A new kind of film emerged from Hollywood in the early 1940s, thrillers that derived their plots from the hard-boiled school of crime fiction but with a style all their own. Appearing in 1944, “Double Indemnity “was a key film in the definition of the genre that came to be known as film noir. Its script creates two unforgettable criminal characters: the cynically manipulative Phyllis Dietrichson (Barbara Stanwyck) and the likeable but amoral Walter Neff (Fred MacMurray).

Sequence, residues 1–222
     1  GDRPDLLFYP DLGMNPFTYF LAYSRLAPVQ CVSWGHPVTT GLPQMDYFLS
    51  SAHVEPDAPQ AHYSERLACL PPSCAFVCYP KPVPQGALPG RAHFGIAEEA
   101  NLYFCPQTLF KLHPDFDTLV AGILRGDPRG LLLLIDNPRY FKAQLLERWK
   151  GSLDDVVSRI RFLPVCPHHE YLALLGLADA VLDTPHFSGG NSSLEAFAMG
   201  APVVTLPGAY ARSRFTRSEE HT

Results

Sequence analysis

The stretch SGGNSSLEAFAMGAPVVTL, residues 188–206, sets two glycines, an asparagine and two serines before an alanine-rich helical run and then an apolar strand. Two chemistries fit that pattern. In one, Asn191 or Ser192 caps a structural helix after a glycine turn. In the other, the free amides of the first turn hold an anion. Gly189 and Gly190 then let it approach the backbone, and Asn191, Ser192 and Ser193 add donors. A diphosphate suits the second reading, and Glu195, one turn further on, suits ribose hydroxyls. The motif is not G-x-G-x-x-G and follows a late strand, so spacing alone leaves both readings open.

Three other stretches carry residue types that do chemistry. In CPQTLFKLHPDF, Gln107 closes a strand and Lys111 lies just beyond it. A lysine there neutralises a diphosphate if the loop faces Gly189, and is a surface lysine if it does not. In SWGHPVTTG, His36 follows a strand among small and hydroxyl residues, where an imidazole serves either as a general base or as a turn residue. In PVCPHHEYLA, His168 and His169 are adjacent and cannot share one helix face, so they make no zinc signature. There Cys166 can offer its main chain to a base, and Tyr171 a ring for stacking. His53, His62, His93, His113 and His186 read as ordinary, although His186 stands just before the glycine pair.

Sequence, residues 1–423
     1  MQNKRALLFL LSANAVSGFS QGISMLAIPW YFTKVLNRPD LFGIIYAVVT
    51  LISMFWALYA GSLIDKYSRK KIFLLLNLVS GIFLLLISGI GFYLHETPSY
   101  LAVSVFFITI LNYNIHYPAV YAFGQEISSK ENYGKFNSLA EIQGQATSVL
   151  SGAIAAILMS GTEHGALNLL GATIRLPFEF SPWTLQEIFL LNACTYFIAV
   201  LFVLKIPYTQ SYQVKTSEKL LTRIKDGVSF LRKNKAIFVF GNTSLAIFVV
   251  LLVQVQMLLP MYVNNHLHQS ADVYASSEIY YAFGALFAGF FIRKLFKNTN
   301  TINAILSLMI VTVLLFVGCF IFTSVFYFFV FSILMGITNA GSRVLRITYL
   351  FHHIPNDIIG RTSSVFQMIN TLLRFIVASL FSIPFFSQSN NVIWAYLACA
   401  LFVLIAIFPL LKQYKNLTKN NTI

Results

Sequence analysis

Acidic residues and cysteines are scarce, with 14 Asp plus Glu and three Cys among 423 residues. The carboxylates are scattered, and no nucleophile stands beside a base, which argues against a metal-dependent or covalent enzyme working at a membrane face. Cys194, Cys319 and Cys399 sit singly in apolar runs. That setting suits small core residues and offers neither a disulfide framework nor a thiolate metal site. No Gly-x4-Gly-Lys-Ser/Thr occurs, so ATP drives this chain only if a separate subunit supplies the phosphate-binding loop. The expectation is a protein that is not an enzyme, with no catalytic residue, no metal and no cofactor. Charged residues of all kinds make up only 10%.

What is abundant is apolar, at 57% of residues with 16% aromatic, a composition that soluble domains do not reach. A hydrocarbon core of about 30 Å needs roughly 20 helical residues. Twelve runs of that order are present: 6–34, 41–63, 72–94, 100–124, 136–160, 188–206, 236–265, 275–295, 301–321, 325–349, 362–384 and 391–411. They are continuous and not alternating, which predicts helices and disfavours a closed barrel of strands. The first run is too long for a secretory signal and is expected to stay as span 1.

Billy Wilder’s brilliant direction enmeshes them in chiaroscuro patterns, the bright California sun throwing shadows of venetian blinds across dusty rooms, shafts of harsh lamplight cutting through the night. Richard Schickel traces in fascinating detail the genesis of the film: its literary origins in the crime fiction of the 1930s, the difficult relations between Wilder and his scriptwriter Raymond Chandler, the casting of a reluctant Fred MacMurray, the late decision to cut from the film the expensively shot final sequence of Neff’s execution. This elegantly written account, copiously illustrated, confirms a new the status of “Double Indemnity” as an undisputed classic.
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